Eli has a lot of love and interaction in his life. He is lucky to have his grandfather watch him each day while Daniel and I are at work. I hold Eli and I know having and raising him is the biggest, best task I’ve ever been given. Eli is the thing I am most proud of creating, contributing to, accomplishing, all of it. He is what I want to give the most effort and energy to. My mother got to see his first three months of life, but now he is almost six months old, has a tooth, stands without being held if he’s next to a table, eats carrots and apples, watches his daddy and wants to do what he does. I wish my momma could hold him now.
In the hospital my mother held a bottle and fed Eli as he lay on a pillow next to her. Now he can sit up on his own and hold the bottle himself…
This is the first time I’ve written for myself since November. I’ve cried a few times, I can’t come to a good conclusion. My mind and my heart are still processing, still in the stage of flashbacks of the hospital. I went through a phase very similar to this when Dustin passed away too. I know it passes.
Here is what I know, even before all the fog clears: family matters, in fact family is one of the biggest blessings in our lives. I want to give that to Eli, I want to be the mom that loves him like my mother loved me. As many great moments as I had with my mother, I wish I had more, I wish I could hug her again and show her my son. Don’t take your family for granted. Visit your parents. Tell them you love them. Make time for them even if they just want to come to your house on the weekend and talk while the TV is on. Don’t let the inconvenience of an annoying sibling let you stop from spending time with them, or saying I love you. Don’t let physical distance lead to emotional distance. Invest in your family actively. I turned my mother’s request down a few times to drive to Larned for dinner. It was more drive time than family time, and in the past we’d hit a deer in the dark on the road down there. I’d walk in bare feet through the snow to Larned to see her now… on a school night. It all seems so small; it’s funny how we can get it so confused on what matters in life.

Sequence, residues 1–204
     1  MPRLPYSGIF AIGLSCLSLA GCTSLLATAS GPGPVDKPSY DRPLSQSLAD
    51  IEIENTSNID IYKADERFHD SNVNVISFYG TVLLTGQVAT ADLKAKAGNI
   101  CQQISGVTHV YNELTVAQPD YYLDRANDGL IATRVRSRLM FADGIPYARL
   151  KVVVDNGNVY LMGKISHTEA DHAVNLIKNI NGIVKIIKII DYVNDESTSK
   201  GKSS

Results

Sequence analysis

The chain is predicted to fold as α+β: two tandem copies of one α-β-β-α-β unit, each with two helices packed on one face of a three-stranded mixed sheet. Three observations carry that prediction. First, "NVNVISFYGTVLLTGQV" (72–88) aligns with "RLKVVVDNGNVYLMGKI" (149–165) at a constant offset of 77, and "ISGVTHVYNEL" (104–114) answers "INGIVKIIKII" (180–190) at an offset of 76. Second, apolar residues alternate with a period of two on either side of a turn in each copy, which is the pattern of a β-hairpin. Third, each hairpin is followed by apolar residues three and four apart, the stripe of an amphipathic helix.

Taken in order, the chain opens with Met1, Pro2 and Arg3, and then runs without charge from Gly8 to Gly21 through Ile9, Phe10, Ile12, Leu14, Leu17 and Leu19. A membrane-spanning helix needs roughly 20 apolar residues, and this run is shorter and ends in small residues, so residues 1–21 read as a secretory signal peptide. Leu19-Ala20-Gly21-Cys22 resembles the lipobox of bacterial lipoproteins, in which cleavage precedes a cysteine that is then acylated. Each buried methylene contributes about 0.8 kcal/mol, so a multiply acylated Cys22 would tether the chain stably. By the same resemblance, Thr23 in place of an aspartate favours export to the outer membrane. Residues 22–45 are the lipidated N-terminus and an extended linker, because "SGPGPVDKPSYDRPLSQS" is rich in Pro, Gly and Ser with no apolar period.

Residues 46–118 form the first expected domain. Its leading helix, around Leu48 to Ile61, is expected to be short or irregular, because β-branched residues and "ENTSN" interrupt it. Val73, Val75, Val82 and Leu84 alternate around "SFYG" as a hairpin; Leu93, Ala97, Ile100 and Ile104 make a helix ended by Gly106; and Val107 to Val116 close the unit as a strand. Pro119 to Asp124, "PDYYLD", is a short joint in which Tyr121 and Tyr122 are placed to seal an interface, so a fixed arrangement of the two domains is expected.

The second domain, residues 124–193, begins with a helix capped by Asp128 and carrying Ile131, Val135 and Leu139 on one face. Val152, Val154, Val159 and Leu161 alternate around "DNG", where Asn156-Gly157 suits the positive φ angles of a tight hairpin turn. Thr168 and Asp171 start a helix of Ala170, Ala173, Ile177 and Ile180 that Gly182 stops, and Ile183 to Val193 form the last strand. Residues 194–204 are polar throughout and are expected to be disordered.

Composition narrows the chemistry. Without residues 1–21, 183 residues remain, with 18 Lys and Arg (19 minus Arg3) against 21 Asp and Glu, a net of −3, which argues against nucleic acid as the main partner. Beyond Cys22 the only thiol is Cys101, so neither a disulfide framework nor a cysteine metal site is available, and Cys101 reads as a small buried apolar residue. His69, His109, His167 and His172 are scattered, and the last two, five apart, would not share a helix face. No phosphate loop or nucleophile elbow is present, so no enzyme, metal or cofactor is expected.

Writing is a beautiful way to heal..